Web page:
Why cities must become smarter, now

Launch of global platform, initiated by the IEC

By Gabriela Ehrlich

Everybody wants to build Smart Cities but what is needed to make them come true? Which city pain points are hindering Smart City development and how can they be best overcome? A new online community initiated by the IEC in partnership with ISO and ITU aims to help stakeholders worldwide make their cities smarter. It is part of the lead-up to the first World Smart City Forum which will take place in Singapore on 13 July 2016.

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Cities: major challenges ahead

Sufficient fresh water; universal access to cleaner energy; the ability to travel efficiently from one point to another; a sense of safety and security: these are the kinds of promises modern cities must fulfil if they are to stay competitive and provide a decent quality of life to their citizens.

By 2050, 66% of the world’s population is expected to live in urban areas. The challenge will be to supply these populations with basic resources like safe food, clean water and sufficient energy, while also ensuring overall economic, social and environmental sustainability. Already today, cities consume more than 70% of all energy produced globally.

Electricity: No city will be smart without it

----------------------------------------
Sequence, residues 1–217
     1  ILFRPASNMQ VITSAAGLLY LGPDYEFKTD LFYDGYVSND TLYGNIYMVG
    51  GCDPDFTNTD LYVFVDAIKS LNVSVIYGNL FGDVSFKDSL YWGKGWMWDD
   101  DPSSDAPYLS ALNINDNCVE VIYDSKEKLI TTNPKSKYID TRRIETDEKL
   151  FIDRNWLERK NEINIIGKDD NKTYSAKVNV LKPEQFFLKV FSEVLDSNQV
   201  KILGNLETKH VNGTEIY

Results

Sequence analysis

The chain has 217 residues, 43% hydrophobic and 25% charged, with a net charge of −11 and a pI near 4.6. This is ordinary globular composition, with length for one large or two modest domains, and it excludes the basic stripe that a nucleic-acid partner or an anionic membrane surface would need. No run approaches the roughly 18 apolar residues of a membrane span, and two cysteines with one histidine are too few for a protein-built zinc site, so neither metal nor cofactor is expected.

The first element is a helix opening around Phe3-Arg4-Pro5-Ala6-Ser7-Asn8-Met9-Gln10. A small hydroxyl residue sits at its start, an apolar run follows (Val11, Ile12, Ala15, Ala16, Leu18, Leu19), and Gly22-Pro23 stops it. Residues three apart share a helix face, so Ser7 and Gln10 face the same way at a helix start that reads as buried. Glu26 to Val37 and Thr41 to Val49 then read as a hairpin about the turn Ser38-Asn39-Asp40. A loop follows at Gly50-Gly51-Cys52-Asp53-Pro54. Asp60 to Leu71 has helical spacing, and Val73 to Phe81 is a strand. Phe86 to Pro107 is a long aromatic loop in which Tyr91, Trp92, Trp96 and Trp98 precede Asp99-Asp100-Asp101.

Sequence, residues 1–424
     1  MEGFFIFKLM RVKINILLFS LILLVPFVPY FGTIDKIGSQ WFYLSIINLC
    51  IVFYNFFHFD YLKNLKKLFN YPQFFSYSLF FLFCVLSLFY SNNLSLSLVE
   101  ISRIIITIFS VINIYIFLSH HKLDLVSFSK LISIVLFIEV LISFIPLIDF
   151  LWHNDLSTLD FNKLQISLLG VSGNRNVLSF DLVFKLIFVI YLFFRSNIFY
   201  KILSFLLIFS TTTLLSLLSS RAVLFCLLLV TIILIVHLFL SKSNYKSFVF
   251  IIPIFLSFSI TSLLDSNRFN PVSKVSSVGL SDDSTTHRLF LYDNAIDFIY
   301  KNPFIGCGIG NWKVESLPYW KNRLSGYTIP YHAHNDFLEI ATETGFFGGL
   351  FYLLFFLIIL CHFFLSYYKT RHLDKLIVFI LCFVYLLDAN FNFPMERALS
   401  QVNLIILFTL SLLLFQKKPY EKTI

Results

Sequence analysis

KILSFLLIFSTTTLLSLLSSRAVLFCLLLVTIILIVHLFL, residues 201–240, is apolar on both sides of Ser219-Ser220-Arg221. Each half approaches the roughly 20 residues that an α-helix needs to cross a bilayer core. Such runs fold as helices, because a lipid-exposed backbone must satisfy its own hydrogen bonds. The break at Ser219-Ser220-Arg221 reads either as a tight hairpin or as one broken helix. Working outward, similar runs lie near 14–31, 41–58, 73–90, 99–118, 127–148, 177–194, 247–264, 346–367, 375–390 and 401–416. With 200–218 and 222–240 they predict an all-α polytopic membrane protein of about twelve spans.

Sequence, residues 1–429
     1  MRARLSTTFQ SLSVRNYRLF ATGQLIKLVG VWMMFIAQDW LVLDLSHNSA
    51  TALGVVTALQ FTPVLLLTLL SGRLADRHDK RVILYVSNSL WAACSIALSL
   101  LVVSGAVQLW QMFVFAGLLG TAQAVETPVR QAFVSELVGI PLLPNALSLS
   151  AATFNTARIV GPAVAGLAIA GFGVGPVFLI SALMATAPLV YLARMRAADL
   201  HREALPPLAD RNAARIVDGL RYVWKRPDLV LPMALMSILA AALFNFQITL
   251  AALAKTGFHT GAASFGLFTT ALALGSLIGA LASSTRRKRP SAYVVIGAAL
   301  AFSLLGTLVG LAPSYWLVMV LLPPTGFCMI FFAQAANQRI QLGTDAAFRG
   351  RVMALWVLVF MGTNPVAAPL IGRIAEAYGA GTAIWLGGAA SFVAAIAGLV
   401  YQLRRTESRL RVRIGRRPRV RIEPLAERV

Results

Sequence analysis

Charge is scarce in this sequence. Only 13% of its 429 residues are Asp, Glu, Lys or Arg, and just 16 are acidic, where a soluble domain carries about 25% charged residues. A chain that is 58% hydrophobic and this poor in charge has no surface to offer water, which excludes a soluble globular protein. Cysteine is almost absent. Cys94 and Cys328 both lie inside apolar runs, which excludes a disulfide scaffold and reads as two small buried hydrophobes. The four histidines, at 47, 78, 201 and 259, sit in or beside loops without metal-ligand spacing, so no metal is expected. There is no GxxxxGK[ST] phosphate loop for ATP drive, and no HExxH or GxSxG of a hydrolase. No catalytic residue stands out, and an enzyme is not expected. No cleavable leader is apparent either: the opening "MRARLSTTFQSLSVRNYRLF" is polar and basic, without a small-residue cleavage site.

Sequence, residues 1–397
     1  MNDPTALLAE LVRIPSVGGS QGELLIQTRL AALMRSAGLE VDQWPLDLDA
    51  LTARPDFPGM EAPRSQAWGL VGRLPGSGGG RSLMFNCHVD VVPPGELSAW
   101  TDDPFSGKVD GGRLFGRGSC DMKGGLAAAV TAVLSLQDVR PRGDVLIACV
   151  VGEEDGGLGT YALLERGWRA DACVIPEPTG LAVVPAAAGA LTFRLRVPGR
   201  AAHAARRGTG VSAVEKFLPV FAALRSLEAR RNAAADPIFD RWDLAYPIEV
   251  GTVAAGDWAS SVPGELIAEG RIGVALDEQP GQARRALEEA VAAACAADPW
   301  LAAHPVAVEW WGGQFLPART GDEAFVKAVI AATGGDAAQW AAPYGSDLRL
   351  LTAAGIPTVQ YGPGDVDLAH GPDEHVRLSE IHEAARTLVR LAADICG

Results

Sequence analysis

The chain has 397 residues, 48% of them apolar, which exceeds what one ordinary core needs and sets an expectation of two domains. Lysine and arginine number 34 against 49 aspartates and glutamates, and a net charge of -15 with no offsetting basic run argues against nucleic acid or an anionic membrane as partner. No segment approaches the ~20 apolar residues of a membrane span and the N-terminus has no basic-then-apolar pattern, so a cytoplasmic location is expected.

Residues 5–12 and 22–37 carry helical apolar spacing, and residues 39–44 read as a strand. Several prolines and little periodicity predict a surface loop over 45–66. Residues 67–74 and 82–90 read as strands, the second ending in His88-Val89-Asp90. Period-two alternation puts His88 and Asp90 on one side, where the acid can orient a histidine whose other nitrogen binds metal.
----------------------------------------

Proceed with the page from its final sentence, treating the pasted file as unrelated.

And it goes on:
Cities are giant systems with countless subsystems. All of them depend on electric power and hardware to move people and things, collect data and exchange information. Without electricity, it is simply impossible to build an efficient urban infrastructure: no electricity = no Smart City.

Connecting things: a need for harmonized rules

Cities need to substantially increase the efficiency in which they operate and use their resources.  Major efficiency improvements can be achieved by horizontally interconnecting individual systems such as electricity, water, sanitation and waste management, transportation, but also security, environmental monitoring or weather intelligence.

But interconnection is easier said than done. Many of the currently deployed systems in cities originate from different suppliers and they are maintained by various agencies that generally work in isolation. To connect them both physically and virtually, standardized interfaces need to be put in place.

Also, most Smart Cities are not built from scratch in one go. They gradually evolve and become smarter, bit by bit. With time, these individual islands of smartness grow together and interconnect, but only if they use the same harmonized technical rules that are embodied in Standards.

Facilitating tailored Smart City development

Building a Smart City is highly complex. Every city faces its own challenges and requires its own mix of solutions. However, there is one common denominator that greatly simplifies this task.